Subject: General Tech | September 26, 2013 - 06:41 PM | Ken Addison
Tagged: video, valve, SteamOS, Steam Box, steam, razer, R9 290X, R9, R7, podcast, Naga, corsair, amd
PC Perspective Podcast #270 - 09/26/2013
Join us this week as we discuss AMDs new GPU lineup, SteamOS, the Steam Box, and more!
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Hosts: Jeremy Hellstrom, Josh Walrath, Allyn Malventano, and Morry Teitelman
Week in Review:
0:43:15 Happy 10th anniversary Hammer!
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Subject: General Tech, Cases and Cooling | September 21, 2013 - 04:13 AM | Scott Michaud
Tagged: razer, Naga, Lefties
So, after a few years of regular use, I wore out my Razer Lachesis. I am a lefty who never sold out to the right-handed world of computer peripherals. Joysticks do not count, I am naturally right-handed with those for some reason... scissors too... but that is beside the point. Most of the mice out there, for me to use at least, are ambidextrous and thus symmetric.
The Razer Naga (2014) is the first truly left handed mouse that I have owned. These are my impressions over my first day of usage.
Being a left-handed mouse Razer decided that it would, by default, switch the left and right mouse buttons. This can be changed in the drivers by first assigning your right mouse button to a left mouse button and then assigning your left mouse button to a right mouse button. Not the other way around.
The reason for this user experience seems to be, since all changes in the driver are applied immediately (without "ok" or "apply" buttons), Razer did not want users to accidentally lose every left mouse button. Imagine fixing that problem without a left mouse button. I would have prefered the app to, instead, fire a popup telling users to bind something else to "left mouse button" before removing it. Greying out the box is confusing and users might think they cannot, ever, rebind that button. That is just a minor complaint.
A slightly bigger issue is how they included a tilt-wheel without allowing the drivers to bind ScrollLeft and ScrollRight events. This can easily be fixed with a Razer Synapse update but why was that not included at launch? They are aware of the problem, too, as their support pages suggest users bind scroll wheel tilt to keyboard left and right. A great alternative for web browsers, but will not work in Photoshop or word processors.
Yes, you can make a custom profile for each application to input whatever horizontally scrolls them; better yet, just let us bind left and right scroll commands. Do it Razer! Dooooo it!
Weird quirks in the drivers aside, I really like the mouse. Each of the buttons, both in the side and on the top, are crisp. The build quality is solid. The body is comfortable. My only (physical) complaint is that the mouse body tends to get quite warm if you hold it for a couple of hours. That is, it feels warmer than other mice I have used. Otherwise it is basically what I have been looking for over the last decade.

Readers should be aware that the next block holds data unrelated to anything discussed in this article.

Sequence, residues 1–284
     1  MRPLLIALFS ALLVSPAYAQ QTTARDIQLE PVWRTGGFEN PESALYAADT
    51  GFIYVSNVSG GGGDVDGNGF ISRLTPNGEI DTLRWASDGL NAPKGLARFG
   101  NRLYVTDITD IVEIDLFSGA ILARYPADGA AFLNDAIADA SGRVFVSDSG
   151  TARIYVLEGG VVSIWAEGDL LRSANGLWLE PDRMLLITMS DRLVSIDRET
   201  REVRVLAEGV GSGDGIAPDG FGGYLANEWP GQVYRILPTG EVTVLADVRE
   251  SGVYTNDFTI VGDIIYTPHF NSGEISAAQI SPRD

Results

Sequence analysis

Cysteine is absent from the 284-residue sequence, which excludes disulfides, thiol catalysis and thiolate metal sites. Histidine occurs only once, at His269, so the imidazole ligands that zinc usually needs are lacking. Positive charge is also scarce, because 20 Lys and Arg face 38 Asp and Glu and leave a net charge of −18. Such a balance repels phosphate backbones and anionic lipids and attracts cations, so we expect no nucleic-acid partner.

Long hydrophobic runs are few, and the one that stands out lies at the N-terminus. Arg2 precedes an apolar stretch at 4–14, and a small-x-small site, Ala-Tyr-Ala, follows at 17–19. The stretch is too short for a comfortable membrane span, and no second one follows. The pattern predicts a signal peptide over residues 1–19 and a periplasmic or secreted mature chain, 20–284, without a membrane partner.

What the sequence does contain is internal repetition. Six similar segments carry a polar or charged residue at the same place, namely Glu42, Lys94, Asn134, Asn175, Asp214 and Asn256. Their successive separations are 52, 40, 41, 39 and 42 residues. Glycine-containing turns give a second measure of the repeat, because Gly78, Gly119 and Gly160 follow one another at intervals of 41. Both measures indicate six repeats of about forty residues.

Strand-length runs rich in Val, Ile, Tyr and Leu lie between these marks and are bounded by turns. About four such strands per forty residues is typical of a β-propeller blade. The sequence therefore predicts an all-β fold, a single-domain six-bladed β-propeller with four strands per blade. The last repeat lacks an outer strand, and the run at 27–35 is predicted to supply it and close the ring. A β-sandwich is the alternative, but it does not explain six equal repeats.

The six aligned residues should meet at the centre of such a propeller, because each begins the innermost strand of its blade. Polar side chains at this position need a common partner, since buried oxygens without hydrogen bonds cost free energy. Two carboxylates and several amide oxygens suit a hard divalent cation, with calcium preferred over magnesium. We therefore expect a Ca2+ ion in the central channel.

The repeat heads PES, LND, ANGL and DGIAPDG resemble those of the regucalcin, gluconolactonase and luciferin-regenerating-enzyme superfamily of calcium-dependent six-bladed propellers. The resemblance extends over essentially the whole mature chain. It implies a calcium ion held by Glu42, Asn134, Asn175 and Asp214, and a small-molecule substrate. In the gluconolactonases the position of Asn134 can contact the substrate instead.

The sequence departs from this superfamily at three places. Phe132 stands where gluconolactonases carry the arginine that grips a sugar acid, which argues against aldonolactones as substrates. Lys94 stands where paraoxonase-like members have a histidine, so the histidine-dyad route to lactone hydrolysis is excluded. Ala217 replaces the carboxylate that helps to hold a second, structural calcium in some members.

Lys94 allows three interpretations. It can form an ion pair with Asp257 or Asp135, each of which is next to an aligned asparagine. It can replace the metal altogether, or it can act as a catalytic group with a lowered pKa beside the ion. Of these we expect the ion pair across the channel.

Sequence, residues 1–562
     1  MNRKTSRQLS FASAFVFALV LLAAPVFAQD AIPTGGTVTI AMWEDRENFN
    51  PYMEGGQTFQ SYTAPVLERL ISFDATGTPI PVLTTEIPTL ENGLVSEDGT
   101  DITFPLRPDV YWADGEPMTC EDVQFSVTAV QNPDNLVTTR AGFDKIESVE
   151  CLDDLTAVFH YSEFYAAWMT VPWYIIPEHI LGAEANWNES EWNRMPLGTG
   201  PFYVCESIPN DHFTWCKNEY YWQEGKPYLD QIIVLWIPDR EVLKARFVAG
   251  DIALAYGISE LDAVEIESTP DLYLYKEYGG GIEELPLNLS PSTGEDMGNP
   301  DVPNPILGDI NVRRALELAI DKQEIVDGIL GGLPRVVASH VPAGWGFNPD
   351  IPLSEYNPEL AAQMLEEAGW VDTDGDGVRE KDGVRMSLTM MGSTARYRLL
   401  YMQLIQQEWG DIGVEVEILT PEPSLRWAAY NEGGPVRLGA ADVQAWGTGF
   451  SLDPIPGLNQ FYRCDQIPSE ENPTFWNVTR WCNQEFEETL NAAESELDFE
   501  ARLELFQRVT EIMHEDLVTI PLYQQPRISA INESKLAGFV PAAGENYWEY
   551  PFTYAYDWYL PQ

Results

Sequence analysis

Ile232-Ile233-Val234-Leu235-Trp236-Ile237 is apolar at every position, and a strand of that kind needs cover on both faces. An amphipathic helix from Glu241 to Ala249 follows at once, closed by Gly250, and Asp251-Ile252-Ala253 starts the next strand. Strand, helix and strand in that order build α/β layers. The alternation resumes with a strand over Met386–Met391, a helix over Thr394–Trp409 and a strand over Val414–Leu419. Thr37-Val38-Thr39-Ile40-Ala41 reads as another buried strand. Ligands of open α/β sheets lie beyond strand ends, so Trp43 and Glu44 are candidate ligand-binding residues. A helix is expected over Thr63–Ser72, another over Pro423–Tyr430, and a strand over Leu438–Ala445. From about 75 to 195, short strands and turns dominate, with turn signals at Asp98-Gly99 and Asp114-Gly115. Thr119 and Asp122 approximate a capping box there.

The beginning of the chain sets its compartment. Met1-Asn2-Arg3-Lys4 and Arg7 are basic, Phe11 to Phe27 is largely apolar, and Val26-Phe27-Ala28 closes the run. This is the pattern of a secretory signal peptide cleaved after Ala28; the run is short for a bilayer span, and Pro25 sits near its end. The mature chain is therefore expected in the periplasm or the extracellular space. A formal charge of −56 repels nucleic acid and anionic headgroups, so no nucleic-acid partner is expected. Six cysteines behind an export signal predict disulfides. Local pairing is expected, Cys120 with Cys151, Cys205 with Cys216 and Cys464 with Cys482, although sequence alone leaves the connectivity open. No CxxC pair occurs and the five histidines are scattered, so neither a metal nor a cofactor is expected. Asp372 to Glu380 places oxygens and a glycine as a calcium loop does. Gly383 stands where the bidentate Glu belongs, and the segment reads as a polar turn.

So many buttons to bind!
Subject: General Tech | August 9, 2013 - 03:40 AM | Scott Michaud
Tagged: razer, Naga, Lefties
Update (8/9/2013 2:45AM): Apparently, without advertised on-mouse memory, it looks like you cannot use this mouse (or at least, the 12 buttons) on Linux or any other place Synapse 2.0 will not be useable. I guess, keep that in mind. Although, apparently, some people have been able to write their own drivers for the older Naga or remap keys based on device ID. Who knows, I would like to hear something from Razer about this, though.
I am going to share a bias with you: I favor my left hand.
I know. I know. I have been sinister. I have a hand in my wallet, that being my own left one, but I hope you can move past my mistakes in life. I also hope peripheral manufacturers will not. I hope manufacturers will instead continue to produce accessories which cater to my differences.
Imagine my surprised when I noticed the Razer Naga, recently refreshed for 2014, will be available in a left-handed model at launch? Now, imagine my surprise when I noticed that I, somehow, missed the left-handed version of the prior Razer Naga as well?
The Razer Naga is a mouse with many thumb buttons and is primarily designed for MMO and MOBA players for the binding of many commands. This year, each of the twelve thumb buttons will be based upon mechanical switches for increased durability and precision. Long-term readers, or those who click links in articles, would know that I enjoy mechanical keyboards.
It does seem somewhat odd, however, to have such high quality switches for your thumb buttons without also upgrading the left and right click. I have a history of mice which, near the end of their life, improperly report that their buttons are no longer being held down. This makes playing as the medic, where you need to hold fire while healing or ubering teammates, quite annoying when you abruptly stop providing invulnerability. As far as I can tell, the two main buttons are the typical variety for Razer and not mechanical.
Another feature: this is about the only, more than three button, mouse that I have found (and I have looked) with a tilt-wheel. For someone who uses Photoshop and other image editors on a regular basis, this is a big deal to me.
The new Razer Naga MMO gaming mouse is available now for $79.99 in both right-handed and left-handed configurations at launch.